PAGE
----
I was unable to find any English apps, or any for simple scanning, but one that is highly rated is 發票存摺+統一發票對獎機 (Invos Invoice Passbook), which you can find at the App Store and at the Google Play Store. This one has a lot more functions, and can be used for Cloud Invoices, which leads us to the next question…
Can I Go Paperless?
Thanks for asking! Yes you can! I didn’t even realize this was a thing until I started digging into research for this post. Turns out, there is a way to go green and still play the Taiwan Receipt Lottery! You can go paperless by using what is called a Cloud Invoice. According to this Focus Taiwan article by Wu Jia-Jung and Evelyn Kao, the government is even incentivizing their use by increasing the number of winning-eligible Cloud Invoice receipts from 600,000 to 1 million. This increase came into effect for the most recent March-April draw, so if you’re looking to increase your chances of winning then this is the train to jump on.
Ok so what’s a Cloud Invoice? It’s just a paperless invoice that is stored in the cloud. There must be no printed copy for the invoice to be eligible for winning. You can store them using the various apps available, which will keep track for you. You can also choose to store them using your EasyCard or a personalized barcode that you can apply for via the government website. I found very helpful and thorough instructions on how to do both of those things (and more) on the blog Translating Taiwan 台灣翻版.
You can get extra winnings using Cloud Invoices by matching the numbers as well as their preceding letters. For these special drawings, check the announcements on the Ministry of Finance website. Here is the March-April 2021 drawing as an example. For more information on Cloud Invoice winnings, check Article 3-1 of the Uniform Invoice Award Regulations.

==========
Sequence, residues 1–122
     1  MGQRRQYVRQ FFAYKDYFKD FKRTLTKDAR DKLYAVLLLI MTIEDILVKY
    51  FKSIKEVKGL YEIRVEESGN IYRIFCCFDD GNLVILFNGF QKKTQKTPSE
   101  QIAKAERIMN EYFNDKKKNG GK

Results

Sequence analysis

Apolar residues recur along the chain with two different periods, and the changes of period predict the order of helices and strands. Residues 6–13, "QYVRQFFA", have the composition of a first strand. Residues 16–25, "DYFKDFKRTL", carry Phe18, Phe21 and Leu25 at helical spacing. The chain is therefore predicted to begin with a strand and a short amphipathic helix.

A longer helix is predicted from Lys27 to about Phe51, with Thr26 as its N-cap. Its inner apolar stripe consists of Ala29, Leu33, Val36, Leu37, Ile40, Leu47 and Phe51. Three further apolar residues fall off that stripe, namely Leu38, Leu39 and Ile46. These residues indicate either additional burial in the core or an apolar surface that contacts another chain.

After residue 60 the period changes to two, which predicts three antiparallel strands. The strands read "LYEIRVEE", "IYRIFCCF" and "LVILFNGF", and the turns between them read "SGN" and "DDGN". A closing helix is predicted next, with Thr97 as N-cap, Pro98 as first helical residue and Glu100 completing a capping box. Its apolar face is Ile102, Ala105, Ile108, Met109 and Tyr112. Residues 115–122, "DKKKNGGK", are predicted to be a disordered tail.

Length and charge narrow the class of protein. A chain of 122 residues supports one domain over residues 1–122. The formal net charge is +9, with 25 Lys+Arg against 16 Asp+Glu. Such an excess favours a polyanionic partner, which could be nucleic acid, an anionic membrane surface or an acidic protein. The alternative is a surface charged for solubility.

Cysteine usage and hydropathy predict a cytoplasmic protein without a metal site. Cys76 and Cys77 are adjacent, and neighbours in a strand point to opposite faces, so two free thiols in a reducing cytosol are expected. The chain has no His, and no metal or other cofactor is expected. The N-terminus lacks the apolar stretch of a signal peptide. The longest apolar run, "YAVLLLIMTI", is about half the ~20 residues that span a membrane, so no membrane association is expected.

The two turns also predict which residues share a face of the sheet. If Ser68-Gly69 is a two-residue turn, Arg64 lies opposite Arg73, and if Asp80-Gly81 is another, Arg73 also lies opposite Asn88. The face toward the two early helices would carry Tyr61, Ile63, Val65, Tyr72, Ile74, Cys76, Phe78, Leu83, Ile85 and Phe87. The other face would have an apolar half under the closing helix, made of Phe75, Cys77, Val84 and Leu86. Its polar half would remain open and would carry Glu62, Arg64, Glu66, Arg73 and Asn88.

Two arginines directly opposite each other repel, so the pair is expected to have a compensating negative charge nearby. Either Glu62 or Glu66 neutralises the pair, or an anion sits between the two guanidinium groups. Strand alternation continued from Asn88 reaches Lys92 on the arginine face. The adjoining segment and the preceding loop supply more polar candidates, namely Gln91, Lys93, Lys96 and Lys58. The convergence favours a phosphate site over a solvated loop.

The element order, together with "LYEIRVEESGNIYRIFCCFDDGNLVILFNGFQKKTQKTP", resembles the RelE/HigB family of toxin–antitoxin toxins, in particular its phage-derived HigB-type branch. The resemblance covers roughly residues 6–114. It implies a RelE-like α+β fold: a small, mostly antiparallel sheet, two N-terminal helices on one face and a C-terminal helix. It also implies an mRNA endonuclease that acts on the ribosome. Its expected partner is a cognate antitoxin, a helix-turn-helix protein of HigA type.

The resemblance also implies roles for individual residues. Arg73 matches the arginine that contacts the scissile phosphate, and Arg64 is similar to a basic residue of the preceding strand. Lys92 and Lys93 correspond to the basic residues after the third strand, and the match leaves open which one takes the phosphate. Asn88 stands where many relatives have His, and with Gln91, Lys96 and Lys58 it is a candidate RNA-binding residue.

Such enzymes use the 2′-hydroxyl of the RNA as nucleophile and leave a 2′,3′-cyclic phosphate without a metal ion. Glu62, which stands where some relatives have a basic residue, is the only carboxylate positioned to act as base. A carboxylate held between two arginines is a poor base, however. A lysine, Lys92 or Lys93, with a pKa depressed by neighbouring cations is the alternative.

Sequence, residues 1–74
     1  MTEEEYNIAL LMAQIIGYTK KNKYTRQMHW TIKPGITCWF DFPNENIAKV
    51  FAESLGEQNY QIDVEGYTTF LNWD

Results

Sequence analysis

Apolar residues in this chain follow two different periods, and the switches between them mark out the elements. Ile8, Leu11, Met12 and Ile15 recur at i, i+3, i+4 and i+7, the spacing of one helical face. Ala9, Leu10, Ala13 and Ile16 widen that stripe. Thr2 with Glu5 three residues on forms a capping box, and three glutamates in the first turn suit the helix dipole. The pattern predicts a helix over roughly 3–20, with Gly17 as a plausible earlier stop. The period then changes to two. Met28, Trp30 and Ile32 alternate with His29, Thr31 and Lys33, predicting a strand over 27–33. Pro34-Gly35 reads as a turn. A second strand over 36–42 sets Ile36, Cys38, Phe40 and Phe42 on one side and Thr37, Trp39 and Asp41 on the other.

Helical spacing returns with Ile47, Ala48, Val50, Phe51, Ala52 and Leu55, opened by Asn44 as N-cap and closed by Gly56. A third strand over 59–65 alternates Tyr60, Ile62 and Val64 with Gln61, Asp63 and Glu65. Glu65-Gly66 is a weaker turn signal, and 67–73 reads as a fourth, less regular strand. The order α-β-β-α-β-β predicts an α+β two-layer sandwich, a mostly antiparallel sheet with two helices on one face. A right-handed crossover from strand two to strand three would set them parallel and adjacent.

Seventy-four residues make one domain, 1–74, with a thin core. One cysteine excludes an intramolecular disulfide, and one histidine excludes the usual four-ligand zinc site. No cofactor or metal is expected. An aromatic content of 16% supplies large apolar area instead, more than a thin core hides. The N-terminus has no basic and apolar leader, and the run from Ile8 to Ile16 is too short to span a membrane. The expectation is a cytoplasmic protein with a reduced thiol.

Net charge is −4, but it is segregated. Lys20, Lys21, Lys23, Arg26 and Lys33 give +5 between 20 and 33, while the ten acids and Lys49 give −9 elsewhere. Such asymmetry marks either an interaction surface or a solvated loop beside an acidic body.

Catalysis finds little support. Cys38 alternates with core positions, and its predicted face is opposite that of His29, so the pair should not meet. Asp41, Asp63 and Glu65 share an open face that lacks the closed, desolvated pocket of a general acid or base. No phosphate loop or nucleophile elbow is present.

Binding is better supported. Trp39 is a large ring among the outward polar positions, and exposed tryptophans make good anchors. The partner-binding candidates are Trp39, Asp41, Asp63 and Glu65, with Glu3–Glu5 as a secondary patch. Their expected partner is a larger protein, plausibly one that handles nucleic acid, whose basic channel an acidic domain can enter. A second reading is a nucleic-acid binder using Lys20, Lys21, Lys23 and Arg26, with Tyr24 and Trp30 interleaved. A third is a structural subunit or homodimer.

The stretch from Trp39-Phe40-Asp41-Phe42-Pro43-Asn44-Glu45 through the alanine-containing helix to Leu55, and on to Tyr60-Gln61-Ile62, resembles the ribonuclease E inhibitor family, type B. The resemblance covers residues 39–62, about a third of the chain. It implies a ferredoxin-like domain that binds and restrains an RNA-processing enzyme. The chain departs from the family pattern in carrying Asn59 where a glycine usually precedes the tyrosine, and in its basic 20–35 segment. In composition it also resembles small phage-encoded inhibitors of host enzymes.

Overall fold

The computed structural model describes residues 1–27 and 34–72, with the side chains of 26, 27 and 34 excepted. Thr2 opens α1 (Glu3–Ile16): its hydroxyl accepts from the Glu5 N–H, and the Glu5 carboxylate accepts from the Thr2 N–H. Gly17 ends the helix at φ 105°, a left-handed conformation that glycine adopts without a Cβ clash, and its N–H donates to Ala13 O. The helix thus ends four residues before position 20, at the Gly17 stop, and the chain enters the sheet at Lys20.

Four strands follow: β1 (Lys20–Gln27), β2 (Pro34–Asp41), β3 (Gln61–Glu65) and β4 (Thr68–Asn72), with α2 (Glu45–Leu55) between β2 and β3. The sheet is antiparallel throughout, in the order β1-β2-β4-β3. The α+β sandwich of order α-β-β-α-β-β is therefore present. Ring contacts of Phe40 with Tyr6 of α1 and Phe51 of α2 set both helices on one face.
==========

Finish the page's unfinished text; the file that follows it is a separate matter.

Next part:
Of course, there are also apps, like the one mentioned above. Using 發票存摺+統一發票對獎機 (Invos Invoice Passbook) you can scan receipts, keep track of cloud invoices, check the latest winning numbers, get invoice details and track spending, as well as pay your bills or have money sent to your bank account. There are other apps out there for such functions, as well:
There is the eCloud Invoice app, 雲端發票, available on Google Play or the App Store. I haven’t used it and it’s all in Chinese but Taipei Expat has an awesome, detailed article on exactly how to put it to good use! With it you can add invoices, scan paper receipts, store membership cards, and get some exclusive discounts. Plus, it’s free, has no ads & is good for the environment! I think they might even have a purchase-tracking function, so you can better understand your spending habits.
To make playing the Taiwan Receipt Lottery more convenient, the Ministry of Finance launched 統一發票兌獎 (Uniform Invoice Lottery Redemption APP) in 2019. It is available at the App Store and on Google Play. It’s all in Chinese, so if your reading abilities are limited it might prove more frustrating than it’s worth. But there’s always the screenshot-google-translate-import approach (that’s how I barely manage to use Food Panda 🥴 ). The other, non-government apps seem to have better ratings, but the Ministry of Finance made this awesome English video on the benefits of using the app, featuring the Monkey King (<3). It’s almost a tutorial: